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Article: INTRODUCING: LYNGEN - Designing Clothing You Can Build Your Wardrobe Around

clothing for everyday wear

INTRODUCING: LYNGEN - Designing Clothing You Can Build Your Wardrobe Around

women and men wearing outdoor clothes

In the ever-changing landscape of fashion, where trends come and go with the seasons, our commitment is to create fabrics that last; products that can be worn over and over again and get better with time.

Juliana Veiga @VENTILE

This month, we have caught up with Tove Grane, the visionary founder and designer behind We Norwegians, and she shared with us her perspectives on slow fashion, activewear crafted from natural materials, and the Scandinavian lifestyle.

1. What is the inspiration behind We Norwegians?

From the beginning, we aimed to develop a brand that was committed to natural fibres, crafting our products mainly from Merino wool, whilst creating garments with high quality as well as being a cross-over between sport and fashion. Coming from Norway, we tend to have a practical take on clothing as the weather is quite challenging many months of the year, so we need to dress in a way that protects us from the elements.

We also wanted to make a brand with a focus on the environment. We are conscious the textile industry is one of the most polluting ones in the world, so for us, it was important to create clothing where the people involved in the production were working under good and fair conditions.

2. What is the inspiration behind the new collection?

The spring/summer 24 collection is inspired by our Scandinavian active lifestyle; it reflects our way of life. In fall and winter, we are in the mountains, and in the summer, we go to the fjords or the coastline.

As seafaring people (we all know how great travellers the Vikings were!), being by the sea is in our DNA, so this collection is about dressing in a way that’s comfortable and practical when you are by the coast.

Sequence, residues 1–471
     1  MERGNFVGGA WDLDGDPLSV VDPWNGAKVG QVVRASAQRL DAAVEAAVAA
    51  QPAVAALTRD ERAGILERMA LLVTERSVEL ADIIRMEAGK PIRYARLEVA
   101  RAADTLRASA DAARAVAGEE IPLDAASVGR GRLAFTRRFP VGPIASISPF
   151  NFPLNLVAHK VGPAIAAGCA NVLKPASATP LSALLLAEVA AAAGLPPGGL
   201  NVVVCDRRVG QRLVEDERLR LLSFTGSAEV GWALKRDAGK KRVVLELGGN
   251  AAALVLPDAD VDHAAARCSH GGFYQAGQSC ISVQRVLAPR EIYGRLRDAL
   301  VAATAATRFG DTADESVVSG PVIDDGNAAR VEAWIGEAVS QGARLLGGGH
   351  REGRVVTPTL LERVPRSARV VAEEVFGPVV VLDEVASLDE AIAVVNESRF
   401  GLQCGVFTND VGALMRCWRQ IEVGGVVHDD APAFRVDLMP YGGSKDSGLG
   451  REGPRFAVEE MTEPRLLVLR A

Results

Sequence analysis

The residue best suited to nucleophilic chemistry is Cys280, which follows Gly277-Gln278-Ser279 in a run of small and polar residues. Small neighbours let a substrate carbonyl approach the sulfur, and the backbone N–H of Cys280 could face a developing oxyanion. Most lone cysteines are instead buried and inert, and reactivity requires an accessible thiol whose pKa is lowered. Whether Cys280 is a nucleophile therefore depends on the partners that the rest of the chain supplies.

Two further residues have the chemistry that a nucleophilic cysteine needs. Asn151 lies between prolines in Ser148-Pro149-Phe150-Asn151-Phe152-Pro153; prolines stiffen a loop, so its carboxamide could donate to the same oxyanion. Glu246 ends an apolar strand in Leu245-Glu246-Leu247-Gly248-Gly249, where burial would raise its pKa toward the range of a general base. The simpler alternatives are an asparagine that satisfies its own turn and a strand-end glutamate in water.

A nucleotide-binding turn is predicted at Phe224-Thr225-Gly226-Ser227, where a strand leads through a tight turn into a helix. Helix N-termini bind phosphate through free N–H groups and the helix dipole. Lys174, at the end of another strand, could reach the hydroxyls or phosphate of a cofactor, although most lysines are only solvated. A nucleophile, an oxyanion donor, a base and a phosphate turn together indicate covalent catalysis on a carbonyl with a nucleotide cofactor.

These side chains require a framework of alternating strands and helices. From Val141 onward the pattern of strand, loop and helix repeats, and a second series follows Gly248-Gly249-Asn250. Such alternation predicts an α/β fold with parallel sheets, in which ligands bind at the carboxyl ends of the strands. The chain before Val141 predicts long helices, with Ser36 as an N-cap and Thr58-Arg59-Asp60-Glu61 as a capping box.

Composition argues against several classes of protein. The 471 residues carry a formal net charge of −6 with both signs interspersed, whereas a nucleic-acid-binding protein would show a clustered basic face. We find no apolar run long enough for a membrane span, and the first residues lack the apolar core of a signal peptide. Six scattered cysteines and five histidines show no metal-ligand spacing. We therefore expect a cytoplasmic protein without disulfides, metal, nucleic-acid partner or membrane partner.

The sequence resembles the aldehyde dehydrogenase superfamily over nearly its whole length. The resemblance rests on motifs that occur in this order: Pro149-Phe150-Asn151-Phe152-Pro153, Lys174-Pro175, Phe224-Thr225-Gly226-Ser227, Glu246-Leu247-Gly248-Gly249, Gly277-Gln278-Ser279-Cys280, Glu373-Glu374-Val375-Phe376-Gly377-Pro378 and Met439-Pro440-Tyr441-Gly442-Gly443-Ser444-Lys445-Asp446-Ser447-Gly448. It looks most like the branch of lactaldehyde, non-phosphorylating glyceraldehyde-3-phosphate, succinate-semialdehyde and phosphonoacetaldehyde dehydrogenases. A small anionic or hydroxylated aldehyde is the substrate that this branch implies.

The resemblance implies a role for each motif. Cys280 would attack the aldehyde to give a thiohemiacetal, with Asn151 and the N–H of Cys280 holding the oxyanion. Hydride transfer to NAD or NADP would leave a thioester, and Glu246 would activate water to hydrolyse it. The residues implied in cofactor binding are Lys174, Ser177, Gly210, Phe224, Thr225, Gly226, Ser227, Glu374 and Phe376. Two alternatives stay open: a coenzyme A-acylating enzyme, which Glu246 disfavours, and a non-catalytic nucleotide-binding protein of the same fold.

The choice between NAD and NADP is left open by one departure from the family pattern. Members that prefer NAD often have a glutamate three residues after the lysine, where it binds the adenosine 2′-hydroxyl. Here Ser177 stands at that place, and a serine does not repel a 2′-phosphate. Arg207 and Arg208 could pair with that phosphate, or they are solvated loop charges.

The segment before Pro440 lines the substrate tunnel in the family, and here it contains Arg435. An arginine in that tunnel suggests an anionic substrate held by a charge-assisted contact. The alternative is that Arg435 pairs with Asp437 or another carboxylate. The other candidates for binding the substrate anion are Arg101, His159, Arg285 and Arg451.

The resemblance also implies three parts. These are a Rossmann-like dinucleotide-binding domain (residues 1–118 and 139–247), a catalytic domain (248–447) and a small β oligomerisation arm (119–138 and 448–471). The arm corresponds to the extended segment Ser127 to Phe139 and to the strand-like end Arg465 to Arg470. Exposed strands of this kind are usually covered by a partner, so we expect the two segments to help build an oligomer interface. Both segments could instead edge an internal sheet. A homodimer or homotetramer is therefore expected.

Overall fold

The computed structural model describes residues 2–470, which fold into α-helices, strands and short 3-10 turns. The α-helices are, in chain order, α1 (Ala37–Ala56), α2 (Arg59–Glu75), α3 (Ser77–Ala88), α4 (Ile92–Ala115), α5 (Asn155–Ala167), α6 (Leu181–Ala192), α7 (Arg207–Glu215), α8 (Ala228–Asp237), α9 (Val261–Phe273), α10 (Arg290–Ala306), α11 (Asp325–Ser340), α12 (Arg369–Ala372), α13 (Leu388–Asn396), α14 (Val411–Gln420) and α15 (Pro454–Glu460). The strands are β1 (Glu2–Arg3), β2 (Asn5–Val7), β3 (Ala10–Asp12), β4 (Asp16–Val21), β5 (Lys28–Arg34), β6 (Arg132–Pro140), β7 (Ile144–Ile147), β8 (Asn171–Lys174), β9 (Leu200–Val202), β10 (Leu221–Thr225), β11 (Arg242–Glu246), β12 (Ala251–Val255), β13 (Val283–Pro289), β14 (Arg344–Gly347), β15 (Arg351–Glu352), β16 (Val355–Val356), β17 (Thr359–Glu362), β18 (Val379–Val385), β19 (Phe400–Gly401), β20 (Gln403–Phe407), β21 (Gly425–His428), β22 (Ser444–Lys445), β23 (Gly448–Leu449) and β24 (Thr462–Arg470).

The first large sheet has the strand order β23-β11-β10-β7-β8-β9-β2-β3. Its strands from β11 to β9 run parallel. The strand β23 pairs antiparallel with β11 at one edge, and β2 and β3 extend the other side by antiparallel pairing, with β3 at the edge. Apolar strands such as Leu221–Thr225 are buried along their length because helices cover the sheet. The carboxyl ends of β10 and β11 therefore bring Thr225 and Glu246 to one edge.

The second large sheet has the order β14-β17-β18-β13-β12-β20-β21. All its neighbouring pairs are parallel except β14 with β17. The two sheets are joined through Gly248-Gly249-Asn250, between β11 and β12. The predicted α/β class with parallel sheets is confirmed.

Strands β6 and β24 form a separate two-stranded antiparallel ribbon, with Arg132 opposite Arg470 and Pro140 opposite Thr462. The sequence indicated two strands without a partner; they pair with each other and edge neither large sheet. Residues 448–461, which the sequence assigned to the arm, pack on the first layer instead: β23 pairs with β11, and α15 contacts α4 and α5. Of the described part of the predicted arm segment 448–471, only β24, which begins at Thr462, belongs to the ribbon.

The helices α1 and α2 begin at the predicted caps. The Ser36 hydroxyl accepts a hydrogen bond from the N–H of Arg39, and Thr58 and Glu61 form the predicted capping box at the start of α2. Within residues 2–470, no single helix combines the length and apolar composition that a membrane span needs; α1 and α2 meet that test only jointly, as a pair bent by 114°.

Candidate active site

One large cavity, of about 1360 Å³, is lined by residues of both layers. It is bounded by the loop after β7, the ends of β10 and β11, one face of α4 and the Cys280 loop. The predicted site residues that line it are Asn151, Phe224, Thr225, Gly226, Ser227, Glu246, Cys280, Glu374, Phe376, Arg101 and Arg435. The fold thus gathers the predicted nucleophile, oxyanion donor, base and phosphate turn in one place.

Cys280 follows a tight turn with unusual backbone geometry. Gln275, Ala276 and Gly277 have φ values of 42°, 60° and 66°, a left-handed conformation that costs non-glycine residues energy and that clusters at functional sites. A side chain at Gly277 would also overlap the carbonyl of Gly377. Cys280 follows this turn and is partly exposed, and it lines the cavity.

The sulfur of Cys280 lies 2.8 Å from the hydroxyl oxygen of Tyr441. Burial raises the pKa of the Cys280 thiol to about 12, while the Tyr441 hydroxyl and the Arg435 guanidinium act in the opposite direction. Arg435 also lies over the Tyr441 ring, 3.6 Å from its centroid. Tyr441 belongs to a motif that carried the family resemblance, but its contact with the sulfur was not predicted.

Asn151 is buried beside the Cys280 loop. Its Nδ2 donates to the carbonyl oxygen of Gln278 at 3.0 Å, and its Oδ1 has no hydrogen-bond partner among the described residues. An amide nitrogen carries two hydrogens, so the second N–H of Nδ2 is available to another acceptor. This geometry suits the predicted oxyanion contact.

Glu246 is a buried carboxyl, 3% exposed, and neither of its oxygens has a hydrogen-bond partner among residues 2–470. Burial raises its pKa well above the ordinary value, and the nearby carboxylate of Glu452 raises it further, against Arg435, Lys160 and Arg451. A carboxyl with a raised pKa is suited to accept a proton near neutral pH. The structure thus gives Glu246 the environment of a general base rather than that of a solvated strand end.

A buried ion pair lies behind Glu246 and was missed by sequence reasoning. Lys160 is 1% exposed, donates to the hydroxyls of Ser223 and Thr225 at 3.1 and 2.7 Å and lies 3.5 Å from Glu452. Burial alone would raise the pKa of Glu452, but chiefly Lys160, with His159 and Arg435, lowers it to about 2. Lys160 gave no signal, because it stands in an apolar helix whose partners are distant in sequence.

3. Do you have a favourite piece from the collection?

The piece I have used the most is the Lyngen coat in Ventile. I have used this both in California and Norway, layered over wool sweaters and wool fleece mid-layers.

4. What were the most significant challenges you faced in blending natural technical functionality with contemporary design?

When you use natural fibres, you have to consider what kind of technical functionalities you can add to the garments and meet the right people to do it. For instance, if you want taped seams, you have to work with vendors who know how to do this – and there are only very few skilled ones. Another thing you have to consider is the trims you add to the garment, as some of them can damage your pieces.

5. How did you learn about Ventile and why have you chosen it?

I heard about Ventile many years ago, when I was working as a designer for Åsnes, a Norwegian ski brand. I was looking for a cotton fabric which we could use for the traditional anoraks and came across Ventile while sourcing at ISPO, and I just loved the whole story and the functionality of the fabrics. I remember I made a parka for this brand, which I used the whole winter! With this and a Merino base layer underneath, you were perfectly comfortable and warm – as it’s also completely breathable.

With my brand, We Norwegians, I wanted to go back to this combination and make some versatile pieces you can wear all year.

6. What are your thoughts on the future of sustainable fashion?

I think we have come a long way since we launched the brand in 2014, and I can see that things are moving in the right direction. There are many layers and aspects to textile production, and how to be sustainable, but I think the most important factor is consumption. We are more conscious of what we choose to buy, and we are also choosing pieces we want to keep for a longer period than just one season.

At We Norwegian, particularly, we are also partnering with vendors who can offer repairs for our products, and I think we will see more people taking this up in the years to come.

A lot of people think that sustainability means only ‘eco-friendly’, but it is so much more. It’s a sum of all the aspects that are for the best of humanity and nature, meaning that the people who manufacture your products are treated well and that they work in safe environments.

I think education is super important, and another way I try to be sustainable is that I don’t focus on trend-led design. I try to design garments you can keep for a long time, and which you can build your wardrobe around. That’s also why we use colours that match from season to season, so you can mix and match over time.

women wearing outdoor jacket from ventile
man wearing outdoor jacket from ventile
sustainable jacket for everyday life

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